Fergusonweb, Other/Just Looking in Hibbing, MN

If I pay for my sons house, how do I hold the mortgage ?

Asked by Fergusonweb, Hibbing, MN Wed May 9, 2012

I want to pay off my son and daughter in laws house in Wisconsin. They are going to pay me instead of bank (no interest). How do I go about holding a mortgage on the house so that it is still I their name (they are paying for it) and yet cover myself if something happened to them.

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8
Bphiggs, Home Buyer, North Richland Hills, TX
Wed Nov 14, 2012
Do it like I did it. You don't need to hold the mortgage. It's apparent you don't trust them to repay you. If I could not trust them to repay me, then I would not help them. It's that simple. I told my son that I was asked what would I do if he quit reimbursing me regarding my interest free loan to him. I told him that I told my friends that I would "whack him" if he double crossed me on his payments. I linked my savings account to his checking account and his monthly payments require about four clicks of his mouse !!! My son's payment schedule was spread out over a 6 year time frame. I gifted him 2 of those years so his Wells Fargo 15 year mortgage became a 4 year interest free loan gratis his Dad. [ Me ] ha ha !!!
0 votes
It has nothing to do with trusting my son or his wife..........it has to do with divorce, accidental death (heaven forbid) and subsequent estate fights with relatives and lawyers who do not know of such family deals.....I have every faith in my son and his wife but those are just the things I know today.....tomorrow is always full of things I don't know.
Flag Sun Nov 18, 2012
James Ryan, Mortgage Broker Or Lender, Leesburg, VA
Thu May 10, 2012
Attorney, Title company, tax advisor in that order. Sometimes, title firms are owned by attorneys and can handle this in house (no pun intnended), so to speak.

Jim
0 votes
Linda Reming…, Agent, Lodi, OH
Thu May 10, 2012
Hi Fergusonweb

As has been answered below, the best course of action is to speak to a local attorney. I would seek out one that specializes in Real Estate Law or Estate Planning. They will be able to assist you in preparing the note and mortgage that will meet all local and federal regulations to accomplish what you are seeking to accomplish. You might also want to consult an accountant for any tax planning consequences for either you or your son and daughter in law. It's always better to plan ahead than be surprised by a consequence that was not forseen when doing wonderful things even with your own money :)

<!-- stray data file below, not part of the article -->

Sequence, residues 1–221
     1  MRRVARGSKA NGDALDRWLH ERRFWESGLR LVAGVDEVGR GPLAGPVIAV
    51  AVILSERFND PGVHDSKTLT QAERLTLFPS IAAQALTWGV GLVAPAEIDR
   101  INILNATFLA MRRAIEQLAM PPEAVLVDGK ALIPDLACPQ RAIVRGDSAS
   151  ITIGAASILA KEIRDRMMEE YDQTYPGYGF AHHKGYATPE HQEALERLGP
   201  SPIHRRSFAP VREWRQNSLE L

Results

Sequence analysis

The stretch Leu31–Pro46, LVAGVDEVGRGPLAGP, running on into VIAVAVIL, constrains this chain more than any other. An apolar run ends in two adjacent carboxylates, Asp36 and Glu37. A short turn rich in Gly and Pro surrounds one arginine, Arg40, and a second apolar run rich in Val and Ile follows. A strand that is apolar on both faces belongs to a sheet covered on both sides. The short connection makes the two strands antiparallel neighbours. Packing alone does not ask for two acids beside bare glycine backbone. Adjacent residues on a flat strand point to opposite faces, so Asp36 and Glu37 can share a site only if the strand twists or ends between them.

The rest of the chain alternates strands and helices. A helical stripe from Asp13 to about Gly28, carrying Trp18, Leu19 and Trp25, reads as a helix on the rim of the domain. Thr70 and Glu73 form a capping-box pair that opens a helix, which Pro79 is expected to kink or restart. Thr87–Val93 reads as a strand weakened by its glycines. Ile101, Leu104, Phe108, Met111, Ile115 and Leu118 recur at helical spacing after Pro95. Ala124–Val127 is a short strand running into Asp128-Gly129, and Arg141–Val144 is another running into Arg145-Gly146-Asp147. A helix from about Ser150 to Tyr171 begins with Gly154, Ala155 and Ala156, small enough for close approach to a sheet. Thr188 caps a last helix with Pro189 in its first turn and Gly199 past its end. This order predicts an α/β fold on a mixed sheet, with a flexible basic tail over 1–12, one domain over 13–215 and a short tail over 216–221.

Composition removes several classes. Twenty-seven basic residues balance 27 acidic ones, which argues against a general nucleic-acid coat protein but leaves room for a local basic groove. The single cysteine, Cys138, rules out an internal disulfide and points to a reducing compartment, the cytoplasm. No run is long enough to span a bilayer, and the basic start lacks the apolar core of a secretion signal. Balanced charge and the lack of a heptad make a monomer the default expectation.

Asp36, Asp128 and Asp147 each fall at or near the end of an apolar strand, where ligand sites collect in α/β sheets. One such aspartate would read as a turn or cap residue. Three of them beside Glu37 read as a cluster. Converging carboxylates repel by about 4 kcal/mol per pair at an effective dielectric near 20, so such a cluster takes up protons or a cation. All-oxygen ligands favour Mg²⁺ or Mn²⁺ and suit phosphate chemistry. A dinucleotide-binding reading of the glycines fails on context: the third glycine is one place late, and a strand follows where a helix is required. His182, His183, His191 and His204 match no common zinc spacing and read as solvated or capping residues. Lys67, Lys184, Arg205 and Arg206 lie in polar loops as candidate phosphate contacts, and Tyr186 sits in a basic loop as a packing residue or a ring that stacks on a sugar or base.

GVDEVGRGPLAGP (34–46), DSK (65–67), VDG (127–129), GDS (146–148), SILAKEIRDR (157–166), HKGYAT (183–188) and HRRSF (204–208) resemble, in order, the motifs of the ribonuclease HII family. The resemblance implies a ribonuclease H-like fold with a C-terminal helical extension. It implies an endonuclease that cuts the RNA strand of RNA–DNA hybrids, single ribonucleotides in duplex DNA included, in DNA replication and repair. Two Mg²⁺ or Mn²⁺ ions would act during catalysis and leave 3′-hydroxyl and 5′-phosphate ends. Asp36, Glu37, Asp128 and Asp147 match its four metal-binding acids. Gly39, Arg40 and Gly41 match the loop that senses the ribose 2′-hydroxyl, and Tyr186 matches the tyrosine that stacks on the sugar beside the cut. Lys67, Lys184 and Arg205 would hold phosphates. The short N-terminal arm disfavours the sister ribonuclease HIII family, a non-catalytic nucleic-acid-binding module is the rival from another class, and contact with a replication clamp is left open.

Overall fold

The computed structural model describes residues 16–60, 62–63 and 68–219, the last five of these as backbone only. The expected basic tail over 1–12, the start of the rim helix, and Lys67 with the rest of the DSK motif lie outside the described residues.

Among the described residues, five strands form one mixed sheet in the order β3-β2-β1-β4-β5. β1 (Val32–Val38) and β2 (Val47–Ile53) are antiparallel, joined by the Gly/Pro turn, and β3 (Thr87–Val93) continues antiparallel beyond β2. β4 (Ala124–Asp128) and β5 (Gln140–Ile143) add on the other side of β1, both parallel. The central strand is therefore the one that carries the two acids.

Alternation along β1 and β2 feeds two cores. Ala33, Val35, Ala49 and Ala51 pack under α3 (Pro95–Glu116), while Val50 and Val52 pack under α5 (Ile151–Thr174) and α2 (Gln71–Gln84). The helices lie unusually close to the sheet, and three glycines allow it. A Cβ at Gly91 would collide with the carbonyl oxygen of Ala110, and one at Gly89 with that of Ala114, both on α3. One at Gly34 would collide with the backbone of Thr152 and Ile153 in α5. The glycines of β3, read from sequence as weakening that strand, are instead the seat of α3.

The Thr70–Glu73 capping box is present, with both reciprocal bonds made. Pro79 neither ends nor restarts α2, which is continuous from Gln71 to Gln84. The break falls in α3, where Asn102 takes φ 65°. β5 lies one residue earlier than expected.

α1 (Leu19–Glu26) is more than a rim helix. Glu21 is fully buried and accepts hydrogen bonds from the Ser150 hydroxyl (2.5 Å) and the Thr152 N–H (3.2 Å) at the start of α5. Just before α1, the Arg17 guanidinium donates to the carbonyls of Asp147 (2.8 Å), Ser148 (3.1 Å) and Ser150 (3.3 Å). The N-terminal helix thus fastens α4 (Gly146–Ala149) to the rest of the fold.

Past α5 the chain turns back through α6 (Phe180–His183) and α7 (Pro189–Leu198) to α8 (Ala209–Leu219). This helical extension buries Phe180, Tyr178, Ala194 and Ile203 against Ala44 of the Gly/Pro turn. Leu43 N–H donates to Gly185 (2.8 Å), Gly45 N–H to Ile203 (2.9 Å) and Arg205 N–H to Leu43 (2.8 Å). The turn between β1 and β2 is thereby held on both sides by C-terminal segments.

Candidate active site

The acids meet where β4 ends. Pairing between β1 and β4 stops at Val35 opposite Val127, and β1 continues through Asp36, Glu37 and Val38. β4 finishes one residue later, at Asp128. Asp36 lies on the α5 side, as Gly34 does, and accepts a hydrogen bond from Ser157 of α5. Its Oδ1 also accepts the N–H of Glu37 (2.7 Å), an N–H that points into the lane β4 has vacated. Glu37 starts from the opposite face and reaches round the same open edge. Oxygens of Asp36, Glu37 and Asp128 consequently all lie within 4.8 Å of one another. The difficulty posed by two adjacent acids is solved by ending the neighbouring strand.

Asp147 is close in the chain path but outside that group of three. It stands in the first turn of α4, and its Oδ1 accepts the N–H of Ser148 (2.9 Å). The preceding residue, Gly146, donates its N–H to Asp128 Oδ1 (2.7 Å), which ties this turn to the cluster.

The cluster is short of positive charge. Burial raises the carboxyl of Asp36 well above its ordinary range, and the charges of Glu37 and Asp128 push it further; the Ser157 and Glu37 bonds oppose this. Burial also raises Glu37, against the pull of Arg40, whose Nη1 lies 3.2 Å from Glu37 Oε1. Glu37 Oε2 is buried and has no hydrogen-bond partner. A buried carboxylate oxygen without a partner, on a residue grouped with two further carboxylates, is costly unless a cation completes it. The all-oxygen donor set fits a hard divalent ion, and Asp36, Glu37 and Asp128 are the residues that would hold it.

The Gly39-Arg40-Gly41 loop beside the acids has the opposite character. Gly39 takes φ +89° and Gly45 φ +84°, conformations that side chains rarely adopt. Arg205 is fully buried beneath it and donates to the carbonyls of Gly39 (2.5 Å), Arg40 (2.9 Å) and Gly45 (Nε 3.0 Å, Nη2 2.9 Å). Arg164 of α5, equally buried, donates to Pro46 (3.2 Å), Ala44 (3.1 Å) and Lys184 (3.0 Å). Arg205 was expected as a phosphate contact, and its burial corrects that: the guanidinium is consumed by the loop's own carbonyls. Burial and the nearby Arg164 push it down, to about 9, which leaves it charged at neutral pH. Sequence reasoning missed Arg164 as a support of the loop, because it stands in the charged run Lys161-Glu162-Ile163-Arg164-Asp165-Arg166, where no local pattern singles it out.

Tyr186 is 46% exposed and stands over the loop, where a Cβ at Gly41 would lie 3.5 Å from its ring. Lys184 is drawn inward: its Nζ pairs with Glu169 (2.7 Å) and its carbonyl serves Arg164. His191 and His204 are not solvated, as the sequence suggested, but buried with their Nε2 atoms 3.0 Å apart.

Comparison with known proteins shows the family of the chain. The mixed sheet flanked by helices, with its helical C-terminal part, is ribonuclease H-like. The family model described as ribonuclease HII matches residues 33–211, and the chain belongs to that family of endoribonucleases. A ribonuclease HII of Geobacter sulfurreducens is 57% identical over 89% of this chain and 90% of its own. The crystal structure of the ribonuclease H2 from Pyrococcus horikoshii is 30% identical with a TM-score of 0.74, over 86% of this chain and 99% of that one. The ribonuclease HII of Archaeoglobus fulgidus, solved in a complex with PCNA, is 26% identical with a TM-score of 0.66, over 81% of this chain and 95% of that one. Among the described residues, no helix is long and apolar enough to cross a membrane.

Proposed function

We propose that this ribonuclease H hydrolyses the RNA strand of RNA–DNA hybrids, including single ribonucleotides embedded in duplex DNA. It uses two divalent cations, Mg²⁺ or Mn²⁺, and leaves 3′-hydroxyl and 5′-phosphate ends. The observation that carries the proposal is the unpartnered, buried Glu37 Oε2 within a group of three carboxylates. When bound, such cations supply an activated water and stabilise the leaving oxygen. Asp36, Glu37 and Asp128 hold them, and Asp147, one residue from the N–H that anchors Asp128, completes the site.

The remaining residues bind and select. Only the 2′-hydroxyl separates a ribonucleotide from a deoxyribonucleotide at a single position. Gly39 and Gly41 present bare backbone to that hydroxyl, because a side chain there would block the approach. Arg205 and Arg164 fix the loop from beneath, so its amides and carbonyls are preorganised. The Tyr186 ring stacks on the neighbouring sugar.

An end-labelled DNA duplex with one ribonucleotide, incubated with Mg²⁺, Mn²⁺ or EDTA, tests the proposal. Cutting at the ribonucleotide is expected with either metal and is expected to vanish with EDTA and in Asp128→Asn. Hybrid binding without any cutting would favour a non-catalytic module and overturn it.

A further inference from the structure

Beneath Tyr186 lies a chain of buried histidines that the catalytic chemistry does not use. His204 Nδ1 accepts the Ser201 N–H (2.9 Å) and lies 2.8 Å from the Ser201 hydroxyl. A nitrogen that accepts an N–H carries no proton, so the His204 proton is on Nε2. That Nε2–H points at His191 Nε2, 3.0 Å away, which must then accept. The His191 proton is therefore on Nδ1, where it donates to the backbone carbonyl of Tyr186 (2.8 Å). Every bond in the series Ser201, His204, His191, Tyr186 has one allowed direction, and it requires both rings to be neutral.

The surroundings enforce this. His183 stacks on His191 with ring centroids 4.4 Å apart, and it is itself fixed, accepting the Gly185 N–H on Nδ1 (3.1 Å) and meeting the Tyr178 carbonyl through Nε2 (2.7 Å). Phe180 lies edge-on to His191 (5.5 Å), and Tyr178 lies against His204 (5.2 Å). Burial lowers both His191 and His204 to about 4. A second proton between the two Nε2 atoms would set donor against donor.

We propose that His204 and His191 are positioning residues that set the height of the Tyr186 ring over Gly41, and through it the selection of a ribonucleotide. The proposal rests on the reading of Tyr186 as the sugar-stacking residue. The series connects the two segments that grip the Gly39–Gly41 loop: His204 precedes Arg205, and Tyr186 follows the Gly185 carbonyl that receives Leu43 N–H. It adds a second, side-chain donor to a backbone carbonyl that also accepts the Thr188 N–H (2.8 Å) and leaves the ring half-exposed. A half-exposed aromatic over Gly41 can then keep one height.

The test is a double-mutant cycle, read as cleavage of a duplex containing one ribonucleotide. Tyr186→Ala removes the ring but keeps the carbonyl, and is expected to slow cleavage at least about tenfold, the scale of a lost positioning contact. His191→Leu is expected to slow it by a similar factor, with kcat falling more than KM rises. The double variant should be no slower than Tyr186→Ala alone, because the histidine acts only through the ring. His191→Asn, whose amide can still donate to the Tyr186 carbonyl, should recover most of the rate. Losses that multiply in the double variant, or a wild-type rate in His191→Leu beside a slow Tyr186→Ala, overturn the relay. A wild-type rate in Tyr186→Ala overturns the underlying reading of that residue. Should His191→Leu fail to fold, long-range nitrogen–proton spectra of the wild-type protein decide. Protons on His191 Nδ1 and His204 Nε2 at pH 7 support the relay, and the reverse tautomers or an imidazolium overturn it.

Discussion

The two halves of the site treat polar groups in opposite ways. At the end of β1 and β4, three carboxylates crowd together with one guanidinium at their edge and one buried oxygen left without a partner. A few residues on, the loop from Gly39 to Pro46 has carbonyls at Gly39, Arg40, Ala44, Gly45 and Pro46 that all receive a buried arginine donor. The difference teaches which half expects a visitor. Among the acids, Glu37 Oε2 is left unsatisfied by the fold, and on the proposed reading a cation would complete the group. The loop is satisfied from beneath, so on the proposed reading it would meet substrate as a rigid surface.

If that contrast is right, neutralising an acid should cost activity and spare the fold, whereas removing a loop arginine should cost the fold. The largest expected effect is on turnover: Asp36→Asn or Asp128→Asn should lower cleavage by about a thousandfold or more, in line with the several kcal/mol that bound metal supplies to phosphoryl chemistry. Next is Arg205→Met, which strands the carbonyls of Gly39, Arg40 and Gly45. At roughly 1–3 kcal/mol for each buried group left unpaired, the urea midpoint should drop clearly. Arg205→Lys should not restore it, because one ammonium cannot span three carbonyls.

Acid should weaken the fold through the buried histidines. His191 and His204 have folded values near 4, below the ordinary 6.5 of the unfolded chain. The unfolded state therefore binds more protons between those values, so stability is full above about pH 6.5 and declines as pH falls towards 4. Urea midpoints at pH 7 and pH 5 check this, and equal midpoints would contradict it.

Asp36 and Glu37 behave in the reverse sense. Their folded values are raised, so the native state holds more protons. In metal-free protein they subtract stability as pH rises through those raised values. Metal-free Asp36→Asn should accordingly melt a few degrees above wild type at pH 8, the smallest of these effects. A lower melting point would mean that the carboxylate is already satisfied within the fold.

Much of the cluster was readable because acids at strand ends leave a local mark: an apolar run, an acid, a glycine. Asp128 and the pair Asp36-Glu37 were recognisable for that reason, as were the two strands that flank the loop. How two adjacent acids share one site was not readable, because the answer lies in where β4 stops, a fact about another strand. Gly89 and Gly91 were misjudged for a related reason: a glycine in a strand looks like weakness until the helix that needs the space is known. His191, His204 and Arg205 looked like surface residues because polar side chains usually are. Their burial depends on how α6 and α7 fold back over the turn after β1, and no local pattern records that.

0 votes
Roland Vinya…, Agent, Sprakers, NY
Wed May 9, 2012
Have the same mortgage as if you were a bank and they were the borrower. Make sure it is filed. I would have some (lower but reasonable) interest put on it out of fear that the IRS will impute interest (tax you on money you did not receive) if it is not there. You can gift that amount to them each year if you so choose. Each spouse can gift up to $14000, making a potential total of 4 times that amount.
0 votes
Bill Eckler, Agent, Venice, FL
Wed May 9, 2012
I'm sure there is a way that will cover both of your interests, however, as mentioned previously, your best course of action will be via an attorney for their advice.

Good luck,

Bill
0 votes
Maria Gilda…, Agent, Manchester, CT
Wed May 9, 2012
Hello Fergusonweb,

Your question has just been answered by two of the professionals here. Yes, an attorney can draft the document for you. All you have to do is discuss the terms and conditions you want stipulated on the note with him.

Maria
0 votes
Yes I understand the attorney and I appreciate this answer, but I was asking what is involved what has to be done, again I realize I can get an attorney to do this, I just want to know what is involved in Wisconsin.
Flag Wed May 9, 2012
Suzanne MacD…, Agent, Morristown, NJ
Wed May 9, 2012
An attorney can write the mortgage for you. Well worth the cost.
0 votes
My NC Homes…, Agent, Chapel Hill, NC
Wed May 9, 2012
A local Wisconson attorney can handle this for you easily.
0 votes
what is involved and can I do it myself (even though I inderstand the risk so please no "Oh my gosh hire an attorney comments" ) my understanding is you just file in the county courthouse a "mortgage" against the property
Flag Wed May 9, 2012
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